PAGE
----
Helping kids, McConnell said, will require spending $105 billion “so that educators have the resources they need to safely reopen.”

That amount would exceed the $70 billion floated by White House Chief of Staff Mark Meadows over the weekend, and it would be more than the $100 billion that House Democrats included in legislation their chamber passed in May.

Sen. Roy Blunt of Missouri, a senior GOP appropriator, said McConnell’s school funding proposal calls for $70 billion for grades K-12, $30 billion for colleges and universities, and $5 billion that governors could use at their discretion for any school.

But Speaker Nancy Pelosi said her party’s own $100 billion school plan is no longer sufficient. “That was two months ago,” the California Democrat said of the House legislation. “We need more.”

She dismissed the GOP’s overall $1 trillion target as “enough for about a third of our bill.” The House passed a nearly $3.5 trillion package in May.

‘Shot of adrenaline’

Calling for a “shot of adrenaline” to the job market, McConnell said the Republican aid package would reimburse businesses for the costs of coronavirus testing, personal protective equipment, cleaning and any remodeling needed to make their workplaces safe amid the COVID-19 pandemic. The reimbursement would likely come in the form of refundable payroll tax credits.

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He also called for another round of direct payments “to help American families keep driving our national comeback.” But he did not specify how broadly such payments would be distributed.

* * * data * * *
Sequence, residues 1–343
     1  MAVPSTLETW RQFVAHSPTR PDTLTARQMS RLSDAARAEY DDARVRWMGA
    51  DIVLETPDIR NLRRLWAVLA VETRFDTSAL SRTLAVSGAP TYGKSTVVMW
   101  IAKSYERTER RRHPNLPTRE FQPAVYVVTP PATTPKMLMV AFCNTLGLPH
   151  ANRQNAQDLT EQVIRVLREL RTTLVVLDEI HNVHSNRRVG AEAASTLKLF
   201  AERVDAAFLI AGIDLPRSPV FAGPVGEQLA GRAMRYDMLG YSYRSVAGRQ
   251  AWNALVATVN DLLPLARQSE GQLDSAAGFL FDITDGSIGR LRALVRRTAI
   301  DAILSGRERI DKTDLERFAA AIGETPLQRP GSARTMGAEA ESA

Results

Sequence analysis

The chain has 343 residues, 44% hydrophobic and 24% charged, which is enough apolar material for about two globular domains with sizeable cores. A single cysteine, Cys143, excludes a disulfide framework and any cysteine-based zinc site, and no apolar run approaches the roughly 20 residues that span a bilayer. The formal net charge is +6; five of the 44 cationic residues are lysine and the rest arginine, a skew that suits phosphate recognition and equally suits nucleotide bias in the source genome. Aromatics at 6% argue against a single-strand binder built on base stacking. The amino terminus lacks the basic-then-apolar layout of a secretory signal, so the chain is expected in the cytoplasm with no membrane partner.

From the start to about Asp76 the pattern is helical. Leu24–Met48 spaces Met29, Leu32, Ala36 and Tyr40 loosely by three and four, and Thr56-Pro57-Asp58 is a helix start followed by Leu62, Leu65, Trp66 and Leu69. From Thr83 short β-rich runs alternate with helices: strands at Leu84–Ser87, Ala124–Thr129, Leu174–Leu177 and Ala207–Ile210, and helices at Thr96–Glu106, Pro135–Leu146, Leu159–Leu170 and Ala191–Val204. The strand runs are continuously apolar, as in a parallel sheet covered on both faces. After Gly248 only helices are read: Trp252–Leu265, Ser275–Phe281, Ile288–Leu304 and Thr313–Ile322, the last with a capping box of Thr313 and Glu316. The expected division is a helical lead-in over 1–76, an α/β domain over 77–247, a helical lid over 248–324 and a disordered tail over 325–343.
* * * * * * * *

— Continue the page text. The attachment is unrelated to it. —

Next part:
[Fed, Treasury using virus aid funds sparingly: oversight panel]

The $2 trillion March aid package paid out tax rebates of up to $1,200 per adult, with the payment beginning to phase out for annual incomes exceeding about $75,000. McConnell has previously suggested he would like a new round of payments to be targeted toward lower-income people, with a potential income threshold of about $40,000.

Republican leaders face blowback from at least a few conservatives in their caucus who are likely to object to another round of massive spending. “We sent out $1,200 checks to people who didn’t lose their job,” said Sen. Rand Paul, R-Ky. “This is insane. It’s got to stop. We’re ruining the country.”

McConnell also called for renewing the Paycheck Protection Program, which offers forgivable loans to small businesses that keep most of their workers on the payroll during the pandemic. The program’s application deadline was recently extended to Aug. 8, just as the Senate is set to go on recess.

McConnell said the bill would provide for a “targeted second round” of the program, “with a special eye toward hard-hit businesses.”